Category Archives: Science Fiction

The Rain Never Came

Post-apocalyptic Australian fiction

I received a copy of this book courtesy of the author.

“The Rain Never Came” by Lachlan Walter is post-apocalyptic fiction set in a not-too-distant future Australia plagued by drought. Bill and Tobe are best mates who live in a derelict town that has been all but abandoned. They spend their empty days drinking at the local pub. However, when the pub’s bore runs out and they see some mysterious lights on the horizon, Bill agrees to leave town with Tobe.

Australia really lends itself to desert dystopian stories and the premise of this one was interesting. Set around Western Victoria, I enjoyed imagining the hot Victorian summers I grew up with taken to their extreme. I was intrigued by the mysterious ruling entity that decreed that everyone had to be moved to northern regions where there was still rain. This is an action-packed book and once Bill and Tobe are on the road, the action is non-stop.

There were some things that were a bit difficult about this book though. Walters writing style is very active and his characters are constantly doing things like walking, looking, smiling and laughing. Although as the story progresses, we learn a little more about Bill and Tobe’s past, what I really wanted to learn more about was the world they lived in. It wasn’t completely clear why people were being forced to leave the towns, and I would have liked to have had some more reveals about what led to this situation and what the purpose of the mass removal was.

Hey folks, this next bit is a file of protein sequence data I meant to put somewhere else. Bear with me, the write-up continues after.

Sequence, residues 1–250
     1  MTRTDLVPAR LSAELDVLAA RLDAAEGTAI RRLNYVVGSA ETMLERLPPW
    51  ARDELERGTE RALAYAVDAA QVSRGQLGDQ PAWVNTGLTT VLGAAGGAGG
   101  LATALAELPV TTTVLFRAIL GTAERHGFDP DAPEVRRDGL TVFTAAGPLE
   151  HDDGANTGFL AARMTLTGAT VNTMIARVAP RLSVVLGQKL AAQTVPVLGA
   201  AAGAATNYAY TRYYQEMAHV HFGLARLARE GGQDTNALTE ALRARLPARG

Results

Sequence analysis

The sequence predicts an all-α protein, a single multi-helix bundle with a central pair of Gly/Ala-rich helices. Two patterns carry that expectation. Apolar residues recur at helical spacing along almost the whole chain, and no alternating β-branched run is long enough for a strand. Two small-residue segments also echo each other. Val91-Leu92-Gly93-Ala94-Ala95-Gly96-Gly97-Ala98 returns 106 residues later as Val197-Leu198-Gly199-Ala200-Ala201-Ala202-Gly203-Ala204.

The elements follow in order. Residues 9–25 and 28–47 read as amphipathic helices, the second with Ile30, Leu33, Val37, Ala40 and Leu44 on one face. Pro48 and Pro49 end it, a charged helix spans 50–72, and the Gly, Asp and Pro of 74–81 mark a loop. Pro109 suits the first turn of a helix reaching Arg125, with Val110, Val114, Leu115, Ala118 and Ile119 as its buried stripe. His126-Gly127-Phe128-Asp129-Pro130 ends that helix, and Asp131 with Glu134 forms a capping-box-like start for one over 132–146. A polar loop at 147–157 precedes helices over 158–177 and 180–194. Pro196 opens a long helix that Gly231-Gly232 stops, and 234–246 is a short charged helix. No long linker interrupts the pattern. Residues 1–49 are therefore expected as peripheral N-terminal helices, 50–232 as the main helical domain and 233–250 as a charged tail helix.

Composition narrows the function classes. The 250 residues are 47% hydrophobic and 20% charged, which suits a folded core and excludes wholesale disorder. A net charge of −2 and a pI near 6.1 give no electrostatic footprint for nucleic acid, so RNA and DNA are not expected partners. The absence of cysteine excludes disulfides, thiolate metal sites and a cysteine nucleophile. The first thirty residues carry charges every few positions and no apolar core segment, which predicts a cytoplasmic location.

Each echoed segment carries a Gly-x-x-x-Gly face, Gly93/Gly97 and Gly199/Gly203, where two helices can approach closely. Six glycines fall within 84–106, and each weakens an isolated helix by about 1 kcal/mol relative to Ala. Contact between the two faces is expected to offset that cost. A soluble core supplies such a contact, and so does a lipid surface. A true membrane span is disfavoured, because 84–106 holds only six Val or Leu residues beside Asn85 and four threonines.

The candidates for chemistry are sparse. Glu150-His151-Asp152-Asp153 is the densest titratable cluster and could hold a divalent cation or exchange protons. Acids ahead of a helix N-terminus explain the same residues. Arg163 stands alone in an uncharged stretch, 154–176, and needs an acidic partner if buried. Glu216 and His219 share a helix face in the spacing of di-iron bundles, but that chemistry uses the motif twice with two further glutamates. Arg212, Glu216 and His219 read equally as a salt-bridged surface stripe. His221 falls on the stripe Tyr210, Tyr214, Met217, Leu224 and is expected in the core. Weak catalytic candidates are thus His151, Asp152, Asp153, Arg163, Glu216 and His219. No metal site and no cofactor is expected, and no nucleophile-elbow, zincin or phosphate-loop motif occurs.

A compelling idea, but I would have liked more world-building and character development.

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Doomsday Book

A friend of mine gave me a copy of this book a very long time ago. Perhaps just before I started writing this blog! This copy has a pretty understated and uninspiring front cover, and despite the fact that it won both the Hugo and Nebula Awards, it has gathered dust on my shelf for years. I’ve recently reorganised my bookshelves so I now have a shelf dedicated to books I haven’t read yet, and finally it was this book’s turn.

20180721_131041-641834144.jpg “Doomsday Book” by Connie Willis is a one of those books that is both science fiction and historical fiction: a time travel book. Set in the mid-2050s in Oxford England, the book is about a student of Medieval history called Kivrin who is to be the first person to travel back in time to the 1300s for historical research. Aghast, her professor Mr Dunworthy tries to talk her out of it, but Kivrin has the firm support of the acting Head of the History Faculty and the expedition is to go ahead. However, while Dunworthy frets about the margin of error and whether Kivrin did arrive in the correct year, both in the 14th Centry and in present day Oxford, there are far, far bigger problems.

This is an absolutely engrossing book. Willis is an incredibly skilled writer who is brilliant at creating and maintaining tension. The book flips back and fourth between Kivrin in the 1300s and Dunworthy in the 2050s, and no matter which part I was reading about, I was on the edge of my seat. Willis drops hints and suggestions throughout the book and keeps you guessing right until the very end about what is going to happen. I was also really surprised to find out that she is not actually English. She really captured that peculiar brand of British humour that combines the absurd with the chaotic and uses a lapse in otherwise very good manners to comedic effect. However, I wouldn’t consider this a particularly humourous book and the darker and more tragic parts of this book really underline Willis’ flexibility as a writer.

I think there was only one single tiny thing that got under my skin about this book and that is Willis’ tendency to repeat facts and dialogue in order to ensure that the audience appreciates their significance. While I think that this is a good technique to make sure that your audience is picking up what you’re putting down, it did occasionally feel a little heavy-handed.